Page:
This is a guest post contributed by Betty Jameson
Life after sixty marks some turning points for most people … after all, by sixty many of life’s irreversible choices are already made! You’ve already either had children or not, you’ve either had the career you wanted or you haven’t, you’ve either paid into a mortgage or you haven’t…isn’t it all a bit too late to start to think about new beginnings?
It doesn’t have to be. It is precisely because you have already lived a good proportion of your life that at sixty, you can start to really be yourself. The kids have left home, you’re either retired or gearing up to it, and a whole new world of possibilities is there to be opened.
Because you don’t have to worry any more about getting the kids to school on time or slogging out late nights at work to try and get that promotion, you’re more able to follow your dreams.
What is it that you’ve always wanted to do, but haven’t had the chance to? Sixty might be just the right time to think about doing it.
There is a much celebrated poem, Warning, by the British poet Jenny Joseph, in which she describes the freedom she’ll have as she gets older:
When I am an old woman I shall wear purple
With a red hat which doesn’t go, and doesn’t suit me.
And I shall spend my pension on brandy and summer gloves
And satin sandals, and say we’ve no money for butter.
Later, in the poem, she says:
But now we must have clothes that keep us dry
And pay our rent and not swear in the street
And set a good example for the children.
We must have friends to dinner and read the papers.
Does that sound familiar? Joseph speaks for many when she describes how she has lived, always having to be sensible and to do the ‘expected’ things. There is a great pressure, when younger, to always be pushing forward on a particular trajectory. At sixty, that pressure is lifted.
After sixty you might be in a better position to enjoy your life
Get out and enjoy doing the things you’ve always wanted to do. It may be difficult to feel that the years are passing, or that you’ve lost your old life, but you cannot do anything about your age. What you can change, is how you use the remaining years of life after sixty you have left!
These days, you’re likely to have quite a few of them. Average life expectancy at birth in the US is now 78, but if you’ve already made it to sixty in relatively good shape, you can expect to live longer than that. These are just some of the things you could do with the ‘extra’ two decades that you’ll have, which those born a couple of generations earlier would not have been able to do.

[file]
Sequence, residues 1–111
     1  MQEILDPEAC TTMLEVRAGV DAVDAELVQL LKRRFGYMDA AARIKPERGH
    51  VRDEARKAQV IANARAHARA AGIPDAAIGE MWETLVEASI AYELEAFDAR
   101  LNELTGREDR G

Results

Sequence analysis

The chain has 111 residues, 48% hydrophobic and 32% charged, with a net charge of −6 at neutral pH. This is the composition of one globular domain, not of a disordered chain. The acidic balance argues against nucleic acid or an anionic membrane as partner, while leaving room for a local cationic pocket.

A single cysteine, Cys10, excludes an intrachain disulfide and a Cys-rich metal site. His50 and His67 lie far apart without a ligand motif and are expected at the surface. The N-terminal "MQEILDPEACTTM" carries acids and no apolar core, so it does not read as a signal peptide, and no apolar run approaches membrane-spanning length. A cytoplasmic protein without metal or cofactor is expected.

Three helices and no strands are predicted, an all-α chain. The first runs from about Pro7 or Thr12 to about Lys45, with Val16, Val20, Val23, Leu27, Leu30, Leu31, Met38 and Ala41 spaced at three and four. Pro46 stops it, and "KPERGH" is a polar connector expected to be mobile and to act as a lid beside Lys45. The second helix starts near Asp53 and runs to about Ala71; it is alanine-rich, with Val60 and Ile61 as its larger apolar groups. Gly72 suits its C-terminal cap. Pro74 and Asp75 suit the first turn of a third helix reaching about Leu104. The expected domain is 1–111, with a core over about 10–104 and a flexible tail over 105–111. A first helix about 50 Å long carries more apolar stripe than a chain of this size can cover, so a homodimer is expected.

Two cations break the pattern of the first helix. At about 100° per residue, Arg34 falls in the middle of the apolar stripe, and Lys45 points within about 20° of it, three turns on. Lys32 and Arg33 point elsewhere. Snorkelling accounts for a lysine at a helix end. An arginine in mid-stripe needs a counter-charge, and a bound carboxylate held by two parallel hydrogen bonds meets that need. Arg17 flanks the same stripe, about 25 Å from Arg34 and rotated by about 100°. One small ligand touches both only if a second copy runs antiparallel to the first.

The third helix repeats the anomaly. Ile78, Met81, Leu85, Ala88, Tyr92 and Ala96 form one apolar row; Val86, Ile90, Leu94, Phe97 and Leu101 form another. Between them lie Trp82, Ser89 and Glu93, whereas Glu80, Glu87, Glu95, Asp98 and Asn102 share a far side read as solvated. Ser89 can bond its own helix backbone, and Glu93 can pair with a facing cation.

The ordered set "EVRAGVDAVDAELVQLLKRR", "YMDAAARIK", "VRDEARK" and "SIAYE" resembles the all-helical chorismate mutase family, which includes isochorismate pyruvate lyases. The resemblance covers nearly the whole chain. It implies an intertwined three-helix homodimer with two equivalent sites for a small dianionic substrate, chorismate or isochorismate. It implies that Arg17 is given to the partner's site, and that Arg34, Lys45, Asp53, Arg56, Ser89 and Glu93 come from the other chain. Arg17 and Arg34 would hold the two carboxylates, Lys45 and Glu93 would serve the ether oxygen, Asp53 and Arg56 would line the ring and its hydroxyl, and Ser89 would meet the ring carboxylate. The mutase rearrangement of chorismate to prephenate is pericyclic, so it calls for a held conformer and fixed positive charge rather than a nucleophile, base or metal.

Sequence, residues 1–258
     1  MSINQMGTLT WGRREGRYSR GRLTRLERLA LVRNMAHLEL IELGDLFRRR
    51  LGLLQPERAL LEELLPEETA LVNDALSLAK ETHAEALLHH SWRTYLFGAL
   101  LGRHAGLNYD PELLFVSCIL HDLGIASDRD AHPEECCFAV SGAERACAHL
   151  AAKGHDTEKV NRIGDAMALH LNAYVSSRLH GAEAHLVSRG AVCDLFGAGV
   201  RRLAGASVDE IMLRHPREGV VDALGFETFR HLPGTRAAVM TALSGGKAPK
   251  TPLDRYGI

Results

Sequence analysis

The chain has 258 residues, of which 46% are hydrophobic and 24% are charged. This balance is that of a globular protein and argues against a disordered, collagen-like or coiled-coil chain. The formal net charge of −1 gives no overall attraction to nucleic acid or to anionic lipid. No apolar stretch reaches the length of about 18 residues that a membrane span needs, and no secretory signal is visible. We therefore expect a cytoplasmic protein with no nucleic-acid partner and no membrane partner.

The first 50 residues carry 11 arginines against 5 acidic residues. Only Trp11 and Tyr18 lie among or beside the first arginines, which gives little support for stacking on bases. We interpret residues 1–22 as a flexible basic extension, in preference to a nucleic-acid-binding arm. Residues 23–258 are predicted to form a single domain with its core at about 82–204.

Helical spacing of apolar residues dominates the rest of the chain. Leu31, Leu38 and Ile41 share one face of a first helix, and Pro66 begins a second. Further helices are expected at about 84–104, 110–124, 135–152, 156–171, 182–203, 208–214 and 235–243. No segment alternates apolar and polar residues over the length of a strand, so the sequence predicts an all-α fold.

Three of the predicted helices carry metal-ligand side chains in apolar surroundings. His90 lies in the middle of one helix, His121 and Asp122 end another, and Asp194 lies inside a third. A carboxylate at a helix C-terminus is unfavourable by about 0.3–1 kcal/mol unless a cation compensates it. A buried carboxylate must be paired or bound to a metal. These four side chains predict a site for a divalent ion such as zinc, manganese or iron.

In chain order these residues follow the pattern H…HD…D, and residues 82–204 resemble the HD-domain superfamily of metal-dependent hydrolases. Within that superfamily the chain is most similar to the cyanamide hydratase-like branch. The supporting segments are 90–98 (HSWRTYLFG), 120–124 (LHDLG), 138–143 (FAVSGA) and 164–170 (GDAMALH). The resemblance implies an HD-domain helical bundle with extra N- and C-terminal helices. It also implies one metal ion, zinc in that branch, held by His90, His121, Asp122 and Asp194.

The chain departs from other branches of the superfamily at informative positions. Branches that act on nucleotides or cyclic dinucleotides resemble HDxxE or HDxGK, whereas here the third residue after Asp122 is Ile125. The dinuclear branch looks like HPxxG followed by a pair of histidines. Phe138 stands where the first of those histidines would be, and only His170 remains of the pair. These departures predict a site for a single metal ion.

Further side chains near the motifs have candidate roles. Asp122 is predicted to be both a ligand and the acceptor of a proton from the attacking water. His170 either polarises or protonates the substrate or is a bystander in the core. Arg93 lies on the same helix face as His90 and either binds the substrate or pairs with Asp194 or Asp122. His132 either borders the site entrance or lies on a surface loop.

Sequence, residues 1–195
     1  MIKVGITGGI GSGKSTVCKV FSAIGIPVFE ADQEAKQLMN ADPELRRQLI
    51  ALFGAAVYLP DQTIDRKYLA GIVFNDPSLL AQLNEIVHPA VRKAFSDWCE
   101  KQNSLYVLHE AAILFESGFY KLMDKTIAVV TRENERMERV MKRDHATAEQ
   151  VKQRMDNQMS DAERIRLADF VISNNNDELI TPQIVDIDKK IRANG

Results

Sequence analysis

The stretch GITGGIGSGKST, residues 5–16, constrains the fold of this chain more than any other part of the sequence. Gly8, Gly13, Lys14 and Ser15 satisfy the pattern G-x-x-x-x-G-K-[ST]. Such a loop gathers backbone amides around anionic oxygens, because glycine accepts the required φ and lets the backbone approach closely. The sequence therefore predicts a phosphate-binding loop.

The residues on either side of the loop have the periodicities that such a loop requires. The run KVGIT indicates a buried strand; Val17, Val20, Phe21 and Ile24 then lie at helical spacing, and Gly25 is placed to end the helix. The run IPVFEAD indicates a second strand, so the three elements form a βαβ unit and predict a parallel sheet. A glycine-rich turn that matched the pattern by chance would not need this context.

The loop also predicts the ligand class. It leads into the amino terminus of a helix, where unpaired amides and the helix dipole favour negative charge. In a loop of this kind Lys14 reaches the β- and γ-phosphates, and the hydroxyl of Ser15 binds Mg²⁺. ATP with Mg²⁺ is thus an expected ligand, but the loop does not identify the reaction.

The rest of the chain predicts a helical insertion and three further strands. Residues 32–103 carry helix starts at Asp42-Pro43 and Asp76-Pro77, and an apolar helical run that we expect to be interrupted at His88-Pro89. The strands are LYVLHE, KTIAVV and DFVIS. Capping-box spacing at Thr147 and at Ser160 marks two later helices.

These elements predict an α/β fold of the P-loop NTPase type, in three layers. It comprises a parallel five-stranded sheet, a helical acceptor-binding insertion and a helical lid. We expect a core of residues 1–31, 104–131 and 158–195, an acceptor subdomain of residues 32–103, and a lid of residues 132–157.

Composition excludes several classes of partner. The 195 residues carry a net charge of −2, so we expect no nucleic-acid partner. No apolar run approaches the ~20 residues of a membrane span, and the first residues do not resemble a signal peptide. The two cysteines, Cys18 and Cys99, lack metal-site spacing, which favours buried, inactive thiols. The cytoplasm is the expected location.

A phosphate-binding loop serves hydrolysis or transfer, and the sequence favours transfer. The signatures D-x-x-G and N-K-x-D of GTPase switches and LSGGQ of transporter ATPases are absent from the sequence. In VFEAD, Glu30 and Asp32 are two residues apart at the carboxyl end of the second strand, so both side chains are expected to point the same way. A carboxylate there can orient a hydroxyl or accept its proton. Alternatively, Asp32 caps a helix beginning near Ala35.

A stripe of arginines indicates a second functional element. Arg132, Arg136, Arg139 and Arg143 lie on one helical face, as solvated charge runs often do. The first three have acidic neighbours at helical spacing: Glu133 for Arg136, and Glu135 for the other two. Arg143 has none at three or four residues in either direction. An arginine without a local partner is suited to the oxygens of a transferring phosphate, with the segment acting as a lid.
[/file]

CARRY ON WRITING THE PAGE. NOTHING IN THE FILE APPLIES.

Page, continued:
Start a business
Retirement provides an opportunity to work without needing to worry about making enough to pay the bills. The internet means anyone can be an entrepreneur. If you have a hobby — making jewelry, baking cakes, sculpture — then why not use it to make some money? Very little investment is needed to set up a website and have a home business.
Most of us have unfulfilled travel dreams, and taking lots of long holidays when you retire is great, if you can afford it. It can be more fulfilling and much more affordable to actually live abroad. Some people choose to spend their whole retirement abroad, but that’s not for everyone (especially if you want to be around for the grandchildren).
Spending six months or a year enjoying another culture can be a fantastic experience, and your social security check will go much further in many places than it will in the US.
Write a book
It’s often said that ‘everyone’s got a book in them’. What’s yours? You don’t have to write a novel or even look for a publisher. A book about your life, family and experiences might be just as fun to write, or you might enjoy researching something related to local history or a particular interest. Print on demand publishers can bring it to life for you without much outlay.
Learn a skill
Use your time to do something you’ve always wanted to do, or challenge yourself with something you’d never thought of, from yoga to metalwork!
Betty Jameson is just back from a Caribbean Cruise where she met a couple in their 60′s who were staying in the beautiful Dominican Republic for a month after the cruise finished. Betty, on the other hand, is back to work.
Image by Wikipedia: World Map showing world life expectancy in 2007